Before going back to the Vic, pretty short stacked for the third and final day. I got a pretty quick double up when I took my QQ against Tim Flanders T8 flopped straight draw and it held up. Then a little later another double up with AK v AQ. I moved into a lovely position with about 18 players left. But, alas it wasn't to be. I doubled up El Blondie, who asked for a saver soon afterwards (Cameluck rides again) which I agreed to obviously..

Then the fatal hand for my chances occurred. I raised in middle position with TT and Tim Flanders defended (as he usually does against me) in the BB. I was watching him pretty carefully as a flop of Q43 with 2 hearts arrived. I was pretty confident he didn't hit the Queen. He checked and I bet about 3/4 of the pot, which was roughly half my stack. He immediately moved allin. I took a long time agonising over my decision, but finally laid it down. He showed T8 hearts. Ok, he might have hit his flush, but I was really pot committed and should have gone with my instincts and called him. Oh well. I lost my remaining chips in a coin flip and went out about 14th. Disappointing for sure, but I was pleased with my overall performance and then very pleased when my two swapees managed to make the top 3. Lucky old Camel.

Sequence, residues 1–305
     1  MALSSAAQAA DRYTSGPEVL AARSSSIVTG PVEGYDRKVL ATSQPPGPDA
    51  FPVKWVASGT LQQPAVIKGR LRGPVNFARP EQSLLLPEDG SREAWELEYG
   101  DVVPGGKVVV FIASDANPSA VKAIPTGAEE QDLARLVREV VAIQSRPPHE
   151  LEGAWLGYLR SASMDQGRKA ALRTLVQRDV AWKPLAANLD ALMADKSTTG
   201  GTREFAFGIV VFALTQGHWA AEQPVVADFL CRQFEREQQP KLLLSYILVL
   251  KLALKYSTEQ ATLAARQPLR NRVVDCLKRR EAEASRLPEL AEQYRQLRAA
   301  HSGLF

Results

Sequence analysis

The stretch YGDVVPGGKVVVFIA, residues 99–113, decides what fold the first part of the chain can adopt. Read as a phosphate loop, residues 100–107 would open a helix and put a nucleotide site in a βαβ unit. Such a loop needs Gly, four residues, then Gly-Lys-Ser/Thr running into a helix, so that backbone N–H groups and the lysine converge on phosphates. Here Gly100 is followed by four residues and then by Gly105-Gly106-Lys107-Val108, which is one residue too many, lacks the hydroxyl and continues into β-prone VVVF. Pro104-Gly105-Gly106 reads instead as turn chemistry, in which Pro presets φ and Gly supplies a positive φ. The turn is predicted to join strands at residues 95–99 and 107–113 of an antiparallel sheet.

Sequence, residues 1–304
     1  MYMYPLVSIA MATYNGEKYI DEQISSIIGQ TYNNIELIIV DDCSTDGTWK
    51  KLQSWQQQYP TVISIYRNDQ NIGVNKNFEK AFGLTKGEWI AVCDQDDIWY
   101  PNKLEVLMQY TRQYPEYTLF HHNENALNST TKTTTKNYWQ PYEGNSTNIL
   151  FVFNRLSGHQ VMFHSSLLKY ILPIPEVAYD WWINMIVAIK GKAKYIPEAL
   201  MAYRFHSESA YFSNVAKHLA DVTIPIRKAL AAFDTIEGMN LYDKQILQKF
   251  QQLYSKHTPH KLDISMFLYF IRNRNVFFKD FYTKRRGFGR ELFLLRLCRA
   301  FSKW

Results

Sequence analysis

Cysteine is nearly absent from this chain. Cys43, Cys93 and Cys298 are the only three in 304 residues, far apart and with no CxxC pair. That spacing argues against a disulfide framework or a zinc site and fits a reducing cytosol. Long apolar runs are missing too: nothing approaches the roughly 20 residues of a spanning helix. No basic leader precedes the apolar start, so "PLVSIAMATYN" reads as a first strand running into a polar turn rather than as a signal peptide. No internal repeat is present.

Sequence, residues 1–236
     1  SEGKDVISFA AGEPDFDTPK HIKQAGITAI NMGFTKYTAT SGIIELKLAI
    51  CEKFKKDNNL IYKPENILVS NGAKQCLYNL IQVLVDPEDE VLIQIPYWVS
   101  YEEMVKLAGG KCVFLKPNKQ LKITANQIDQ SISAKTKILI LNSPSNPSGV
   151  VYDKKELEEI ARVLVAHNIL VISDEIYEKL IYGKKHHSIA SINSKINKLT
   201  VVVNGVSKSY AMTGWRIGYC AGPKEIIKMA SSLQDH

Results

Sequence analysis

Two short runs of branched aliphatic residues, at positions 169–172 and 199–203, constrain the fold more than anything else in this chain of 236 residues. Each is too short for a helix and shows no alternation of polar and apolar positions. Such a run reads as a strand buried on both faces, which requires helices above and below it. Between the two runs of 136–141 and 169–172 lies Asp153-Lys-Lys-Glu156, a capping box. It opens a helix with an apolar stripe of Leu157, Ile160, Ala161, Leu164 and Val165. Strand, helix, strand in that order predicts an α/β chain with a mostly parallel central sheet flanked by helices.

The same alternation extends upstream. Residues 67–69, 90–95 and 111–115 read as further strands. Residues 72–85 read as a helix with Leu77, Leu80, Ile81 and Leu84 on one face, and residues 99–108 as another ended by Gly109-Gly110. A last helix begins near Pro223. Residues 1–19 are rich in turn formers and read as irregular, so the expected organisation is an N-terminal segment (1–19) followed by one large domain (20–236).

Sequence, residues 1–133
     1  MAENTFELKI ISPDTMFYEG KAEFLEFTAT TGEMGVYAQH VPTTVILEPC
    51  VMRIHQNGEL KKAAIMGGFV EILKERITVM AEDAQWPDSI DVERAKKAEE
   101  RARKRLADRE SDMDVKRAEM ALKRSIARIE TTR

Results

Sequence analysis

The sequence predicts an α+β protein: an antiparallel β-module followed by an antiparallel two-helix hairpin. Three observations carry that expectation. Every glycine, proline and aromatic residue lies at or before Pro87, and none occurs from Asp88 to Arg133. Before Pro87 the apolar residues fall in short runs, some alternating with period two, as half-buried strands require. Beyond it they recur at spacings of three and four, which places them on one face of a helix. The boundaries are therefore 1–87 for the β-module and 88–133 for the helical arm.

Alot of bullshit was talked at the time about the structure of this tournament. I wrote an article for Blondepoker about it. If you are interested you can read it here.

Then it was home for a few days to prepare for Vegas and the Bellagio. On route to Gatwick we stopped off to Luton for the main event there. Said hello to JP Kelly before proceeding started and he asked to swap 5%. Really Phil Ivey and Barry Greenstein should be begging to swap a % with me here at the Bellagio for the big one. I'm such a lucky bastard.

As for my tournament it was a non event really. I had the most rocky table I've ever encountered in a Luton tournament. I stole my way to 12k before playing my first big pot, when I flopped 2 pair and "the geezer" flopped a set. I should have laid it down but I wasn't in the mood.